Wednesday, March 25, 2015

Flamin Groovies - Teenage Head (1971 us, impressive powerful garage 'n' roll, bonus tracks edition)



Miriam Linna once opined that the Roy Loney-era lineup of the Flamin' Groovies suggested what the Rolling Stones would have sounded like if they'd sworn their allegiance to the sound and style of Sun Records instead of Chess Records. If one wants to buy this theory (and it sounds reasonable to me), then Teenage Head was the Groovies' alternate-universe version of Sticky Fingers, an album that delivered their toughest rock & roll beside their most introspective blues workouts. (In his liner notes to Buddha's  CD reissue of Teenage Head, Andy Kotowicz writes that Mick Jagger noticed the similarities between the two albums and thought the Groovies did the better job.) 

While the Flamin' Groovies didn't dip into the blues often, they always did right by 'em, and "City Lights" and "Yesterday's Numbers" find them embracing the mournful soul of the blues to superb effect, while their covers of "Doctor Boogie" and "32-20" honor the originals while adding a energy and attitude that was all their own. And the rockers are among the best stuff this band ever put to tape, especially "High Flying Baby," "Have You Seen My Baby?," and the brilliant title track. 

Teenage Head sounds just as good as it deserves to; Richard Robinson's production is clean, sharp, and gets the details onto tape with a clarity that never gets in the way of the band's sweaty raunch. While Flamingo rocks a bit harder, Teenage Head is ultimately the best album the Flamin' Groovies would ever make, and after Roy Loney left the band within a few months of its release, they'd never sound like this again. [Buddha reissued the album, added quite a few bonus tracks in the process.]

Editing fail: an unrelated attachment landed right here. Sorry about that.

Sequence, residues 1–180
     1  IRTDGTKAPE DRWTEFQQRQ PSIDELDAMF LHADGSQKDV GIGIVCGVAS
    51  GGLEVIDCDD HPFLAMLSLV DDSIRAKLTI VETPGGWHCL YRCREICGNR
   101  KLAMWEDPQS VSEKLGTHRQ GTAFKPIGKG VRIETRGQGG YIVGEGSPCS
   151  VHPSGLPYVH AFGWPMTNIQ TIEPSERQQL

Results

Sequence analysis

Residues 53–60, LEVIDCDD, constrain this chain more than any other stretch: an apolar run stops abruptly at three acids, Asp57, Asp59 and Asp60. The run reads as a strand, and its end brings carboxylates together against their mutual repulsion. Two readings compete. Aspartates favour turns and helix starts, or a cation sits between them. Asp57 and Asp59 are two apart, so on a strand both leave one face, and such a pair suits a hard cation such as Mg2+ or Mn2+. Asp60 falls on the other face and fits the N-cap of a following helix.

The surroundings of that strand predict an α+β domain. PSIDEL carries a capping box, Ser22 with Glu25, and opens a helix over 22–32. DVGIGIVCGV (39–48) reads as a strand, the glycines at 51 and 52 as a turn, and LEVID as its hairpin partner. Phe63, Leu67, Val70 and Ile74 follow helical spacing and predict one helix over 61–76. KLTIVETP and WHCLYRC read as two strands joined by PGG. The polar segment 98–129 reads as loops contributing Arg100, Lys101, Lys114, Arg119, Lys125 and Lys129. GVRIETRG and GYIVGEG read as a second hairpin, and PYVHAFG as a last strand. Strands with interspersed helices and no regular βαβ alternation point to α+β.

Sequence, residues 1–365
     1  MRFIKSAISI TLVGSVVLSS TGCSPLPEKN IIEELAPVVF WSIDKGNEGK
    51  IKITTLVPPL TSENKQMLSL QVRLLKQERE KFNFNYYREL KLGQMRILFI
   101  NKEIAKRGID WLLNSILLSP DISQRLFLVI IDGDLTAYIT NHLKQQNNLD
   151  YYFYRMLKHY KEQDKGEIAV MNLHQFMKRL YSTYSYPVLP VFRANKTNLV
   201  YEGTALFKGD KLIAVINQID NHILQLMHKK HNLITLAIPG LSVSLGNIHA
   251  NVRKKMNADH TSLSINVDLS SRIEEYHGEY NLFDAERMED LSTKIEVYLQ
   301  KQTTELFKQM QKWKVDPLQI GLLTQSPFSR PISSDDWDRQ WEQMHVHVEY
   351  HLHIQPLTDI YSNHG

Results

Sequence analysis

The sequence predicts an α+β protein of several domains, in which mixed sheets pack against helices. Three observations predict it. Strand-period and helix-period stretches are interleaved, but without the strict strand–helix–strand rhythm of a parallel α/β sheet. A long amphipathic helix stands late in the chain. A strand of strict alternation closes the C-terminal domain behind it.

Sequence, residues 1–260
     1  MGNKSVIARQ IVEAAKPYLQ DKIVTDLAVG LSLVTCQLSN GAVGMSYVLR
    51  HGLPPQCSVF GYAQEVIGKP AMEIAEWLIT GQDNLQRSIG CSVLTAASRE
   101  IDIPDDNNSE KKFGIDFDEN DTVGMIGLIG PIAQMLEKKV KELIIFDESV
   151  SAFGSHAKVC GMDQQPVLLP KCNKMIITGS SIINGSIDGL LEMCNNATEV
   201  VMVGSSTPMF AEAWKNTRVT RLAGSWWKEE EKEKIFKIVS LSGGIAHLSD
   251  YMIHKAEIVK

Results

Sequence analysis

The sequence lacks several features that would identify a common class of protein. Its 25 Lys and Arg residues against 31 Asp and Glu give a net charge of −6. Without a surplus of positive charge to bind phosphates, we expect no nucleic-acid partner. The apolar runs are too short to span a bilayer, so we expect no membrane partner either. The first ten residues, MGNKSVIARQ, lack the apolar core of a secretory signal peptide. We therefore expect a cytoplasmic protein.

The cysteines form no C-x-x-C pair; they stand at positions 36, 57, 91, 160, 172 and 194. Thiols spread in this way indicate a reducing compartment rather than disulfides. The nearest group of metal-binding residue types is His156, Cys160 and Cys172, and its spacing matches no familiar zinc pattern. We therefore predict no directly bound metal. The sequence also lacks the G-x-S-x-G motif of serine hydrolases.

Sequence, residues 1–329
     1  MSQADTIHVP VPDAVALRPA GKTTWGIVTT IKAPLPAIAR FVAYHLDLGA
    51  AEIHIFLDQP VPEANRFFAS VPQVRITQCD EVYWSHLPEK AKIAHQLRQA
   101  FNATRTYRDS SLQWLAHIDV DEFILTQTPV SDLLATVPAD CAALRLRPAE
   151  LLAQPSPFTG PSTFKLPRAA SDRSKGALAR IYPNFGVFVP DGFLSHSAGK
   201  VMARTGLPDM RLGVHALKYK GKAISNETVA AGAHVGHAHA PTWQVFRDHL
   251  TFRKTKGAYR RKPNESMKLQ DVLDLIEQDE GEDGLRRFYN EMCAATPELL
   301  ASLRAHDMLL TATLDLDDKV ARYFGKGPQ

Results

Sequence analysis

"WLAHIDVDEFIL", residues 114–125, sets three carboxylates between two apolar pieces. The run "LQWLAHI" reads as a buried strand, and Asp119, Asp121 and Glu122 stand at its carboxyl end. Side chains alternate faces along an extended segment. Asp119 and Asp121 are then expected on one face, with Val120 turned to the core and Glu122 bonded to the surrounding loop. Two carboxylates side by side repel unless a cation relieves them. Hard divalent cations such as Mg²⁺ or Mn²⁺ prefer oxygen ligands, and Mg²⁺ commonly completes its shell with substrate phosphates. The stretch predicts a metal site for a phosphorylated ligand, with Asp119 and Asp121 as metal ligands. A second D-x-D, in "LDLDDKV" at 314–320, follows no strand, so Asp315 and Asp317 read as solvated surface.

by Mark Deming
Tracks
1. High Flyin' Baby - 3:31
2. City Lights - 4:25
3. Have You Seen My Babe? (Randy Newman) - 2:52
4. Yesterday's Numbers - 3:59
5. Teenage Head - 2:52
6. 32-20 (Robert Johnson, new lyrics by Roy A. Loney) - 2:04
7. Evil Hearted Ada - 3:21
8. Doctor Boogie - 2:32
9. Whiskey Woman - 4:47
10.Shakin' All Over (Fred Heath, Heath, Johnny Kidd) - 6:05
11.That'll Be The Day (Jerry Allison, Buddy Holly, Norman Petty) - 2:22
12.Louie Louie (Richard Berry) - 6:48
13.Walkin' The Dog (Rufus Thomas) - 3:41
14.Scratch My Back (Slim Harpo) - 4:50
15.Carol (Chuck Berry) - 3:15
16.Going Out Theme (Version 2) (Roy Loney, Cyril Jordanm, George Alexanderm, Tim Lynch, Danny Mihm) - 3:04
All songs written by Cyril Jordan, Roy A. Loney except where stated

The Flamin Groovies
*Cyril Jordan - Guitar, Vocals
*Roy Loney - Guitar, Vocals
*Tim Lynch - Guitar
*George Alexander - Bass Guitar
*Danny Mihm - Drums
*Jim Dickinson - Piano
With
*Karin Berg, Jean Charles Costa, Richard Meltzer - Vocals

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Monday, March 16, 2015

The Flock - Inside Out (1975 us, cool prog rock, Vinyl issue)



Forming in late-'60s Chicago, the Flock forever languished in the shadow of the Chicago Transit Authority (later famous as just plain Chicago), whose peculiar approach to art rock -- incorporating horns and other unorthodox instrumentation into rock and jazz forms -- they also pursued. But though they clearly lacked Chicago's smash-hit-penning abilities, the Flock possessed a secret weapon in masterful violinist Jerry Goodman, and their genre-smashing compositions were often even more extreme, if not exactly Top 40 material. 
by Eduardo Rivadavia

Inside Out recorded in 1975 after several line up changes. The only original members where the lead vocalist and guitar player Fred Glickstein, together with rhythm section, bassist Jerry Smith and drummer Ron Karpman. The album produced by Felix Pappalardi and has the kind of the progressive style in mid seventies, the horn parts gave their place to keyboards, but the violin still shares some long parts. 

The compositions aren't bad, instead, sometimes  they take off thanks mainly to the ability of the musicians, but in the end, you have the feeling that something is missing, something is not completed. After that the band did few recordings which later released as "Heaven Bound – The Lost Album", the band stuck at a crossroads yet so hopeful for a new record deal that unfortunately never came.